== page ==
An Eagle in Winter

Last Saturday morning I went for a walk out at Nisqually.  The husband invited me to join him in a cycling class at a gym, but I was still twingey from chucking myself down the stairs on NYD, so I thought I’d better stick to something a bit more pedestrian.  Boy, am I glad I went pedestrian.  For one, I saw eagles.  For two, I proceeded to come home and take Christmas decor down and finally had to stop a little before 3 because I found myself groaning each time I stooped over.  The stooper is taking longer to heal than I would like. This over 40 thing occasionally sucks. What happens when I’m 50? 60? πŸ™‚

Eagles are not an uncommon site on the Delta in the winter.  However, they’re usually in far away trees, or flying far away or just generally too far away for me to capture with my 70-200.  I do sometimes suffer from lens envy when I pass people with gigantic lenses.  But, I do pretty well with what I have…and I cringe to think of how much a huge lens costs, considering how much the used 70-200 was.

I was out there just a little after 8.  It was 35 degrees.  I had hand warmers in my mittens and a sock hat on my head.  It was not raining nor was it snowing and there was no frost on the ground.  That makes for a good morning.  Oh, and the wind wasn’t blowing.  A very good morning.

An Eagle in Winter,

I headed down the boardwalk, stopping to admire ducks, a heron and other assorted birds on the way out.  I say “other assorted” to lead you to believe that there were just too many different kinds for me to mention them all.  Which is probably true.  But, the other side of that coin is the fact that I am unable to identify very many birds.  Someday I would like to change that.

Work really gets in the way of all of the hobbies I would like to cultivate.

I walked along the gravel path that sits atop what was once part of the dike that kept the water out and allowed for cultivation of this area.  I always admire the two large white barns still present in the refuge, last remnants of the once-prosperous farm that existed here.  I then stepped onto my favorite part of the refuge:  the boardwalk built over the tidal flats themselves.

I can pretty much always count on seeing herons, no matter the tide.  And other little twittery birds.  And seagulls.  Which I don’t count because I don’t like seagulls.

But, as I got out further on the boardwalk I found myself squinting at a mud flat ahead of me and to my right.  Was that an…eagle?  I pulled up my camera and used the zoom as binoculars.  Yes!  Eagle!  I picked up the pace.  When I got close enough to attempt some pictures I realized that, not too far from the first, was a second.  Whoo-hoo!  I only got a few shots of the first before he took off.

The second treated me to a show.

After a few shots I realized that there was a seagull in relatively close proximity to the eagle.  The gull was squawking and hopping closer…and closer.  The eagle turned his head slightly and glared at the gull.  Undaunted, the gull continued to hop around.  Disgusted, the eagle lifted off the ground in a lazy circle and came down a ways away.  The gull got the point.  I got eagle in flight photos.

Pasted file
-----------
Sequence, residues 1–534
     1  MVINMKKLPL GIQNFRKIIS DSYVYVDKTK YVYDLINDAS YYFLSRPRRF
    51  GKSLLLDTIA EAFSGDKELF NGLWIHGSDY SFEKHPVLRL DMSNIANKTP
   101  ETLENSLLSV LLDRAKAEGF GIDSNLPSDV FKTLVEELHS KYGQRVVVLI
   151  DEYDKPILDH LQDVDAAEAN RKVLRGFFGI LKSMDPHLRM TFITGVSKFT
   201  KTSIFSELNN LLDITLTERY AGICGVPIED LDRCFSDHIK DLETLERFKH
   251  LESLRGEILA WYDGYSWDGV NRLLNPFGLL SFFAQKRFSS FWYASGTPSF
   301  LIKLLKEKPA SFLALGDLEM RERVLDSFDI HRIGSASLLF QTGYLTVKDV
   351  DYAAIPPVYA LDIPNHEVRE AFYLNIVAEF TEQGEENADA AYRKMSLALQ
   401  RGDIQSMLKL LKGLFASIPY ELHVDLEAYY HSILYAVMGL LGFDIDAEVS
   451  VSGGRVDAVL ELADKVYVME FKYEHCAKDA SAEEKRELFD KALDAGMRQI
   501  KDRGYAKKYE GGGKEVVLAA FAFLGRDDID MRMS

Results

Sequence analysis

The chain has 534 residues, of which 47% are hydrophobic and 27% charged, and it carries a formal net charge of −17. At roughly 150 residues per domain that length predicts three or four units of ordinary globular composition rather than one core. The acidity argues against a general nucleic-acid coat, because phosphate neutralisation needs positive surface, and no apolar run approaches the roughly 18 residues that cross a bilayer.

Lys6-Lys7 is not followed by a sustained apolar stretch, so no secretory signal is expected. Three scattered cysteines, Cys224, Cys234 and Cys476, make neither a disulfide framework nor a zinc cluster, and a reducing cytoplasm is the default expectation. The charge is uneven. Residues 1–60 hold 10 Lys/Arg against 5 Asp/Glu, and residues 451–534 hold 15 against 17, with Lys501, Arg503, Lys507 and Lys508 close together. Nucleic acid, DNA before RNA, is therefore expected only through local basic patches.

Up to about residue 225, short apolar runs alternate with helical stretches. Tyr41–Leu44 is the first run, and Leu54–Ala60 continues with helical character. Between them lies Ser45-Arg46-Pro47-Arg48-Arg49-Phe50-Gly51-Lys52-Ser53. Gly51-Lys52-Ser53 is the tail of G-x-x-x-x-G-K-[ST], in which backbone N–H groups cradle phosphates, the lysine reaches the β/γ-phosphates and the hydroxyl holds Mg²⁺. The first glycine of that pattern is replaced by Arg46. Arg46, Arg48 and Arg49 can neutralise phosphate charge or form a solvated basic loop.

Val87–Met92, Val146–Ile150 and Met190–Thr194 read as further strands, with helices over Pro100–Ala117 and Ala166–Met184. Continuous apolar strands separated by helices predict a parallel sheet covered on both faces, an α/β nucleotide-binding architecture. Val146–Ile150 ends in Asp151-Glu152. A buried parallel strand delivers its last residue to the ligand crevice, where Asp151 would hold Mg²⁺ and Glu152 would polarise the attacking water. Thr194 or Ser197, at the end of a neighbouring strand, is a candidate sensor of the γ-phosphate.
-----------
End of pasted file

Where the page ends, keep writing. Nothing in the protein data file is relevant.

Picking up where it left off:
Apparently the first place he landed was not satisfactory as he again flew, this time in a tighter circle, before landing again.  He didn’t stay long and when he took to the air again he was headed straight towards me.  I shot madly, hoping beyond hope that I would get a few good pictures.

I think I did.  I hope you’ll agree.

An Eagle in Winter,

An Eagle in Winter,

An Eagle in Winter,

An Eagle in Winter,

An Eagle in Winter,

An Eagle in Winter,

14 thoughts on “An Eagle in Winter

  1. Oh Lanae! Thanks for taking my breath away!!!! Beautiful beautiful photos!

    Hey – sorry to hear of your fall. I took a header on a walk a couple weeks ago too! ARGH! And I am 53 – another argh – haha! still feeling a bit “tweaked” from it! Take care of YOU!

    Thanks again for sharing this magnificent beauty!


  2. That eagle distinctly reminds me of Sam on The Muppets. So serious.
    What a special treat getting a chance for a close-up encounter like that. Do you remember where your focal length is for those? 70-200 is the best I’ve got for reach and the truth of the matter is it’s often too short for a lot of candid wildlife but we’re lucky to have good places around here, as you have shown well.


    1. Heh-heh…he does have a little Sam in him, doesn’t he? Particularly the straight-on shot. I was full-in…200mm on all of them and quite a ways away…I suck at distances…but he was not close. I think part of my problem is an unreasonable assumption that a 70-200mm at 200 is going to give me 500mm results.


  3. These are stunning. Oh my! I was thinking of you a couple days ago, when I drove past Nisqually on the way to Seattle. I wondered what happened to you, I haven’t seen you in a really long time and I was missing you. When you responded to my post tonight, I went to your site. Somehow I got dumped from following! I’m back on it now, and I have some catching up to do. You take care! And 50 and 60 ain’t so bad, by the way.


    1. Gretchen! I was thinking of you just the other day. I’ve not seen much of you lately, so was a bit worried about how things were going. Good to see you! Once I get past the bump of 45 (why did I just have to count on my fingers to figure out how old I am?) I suspect it will be smooth sailing. πŸ˜‰


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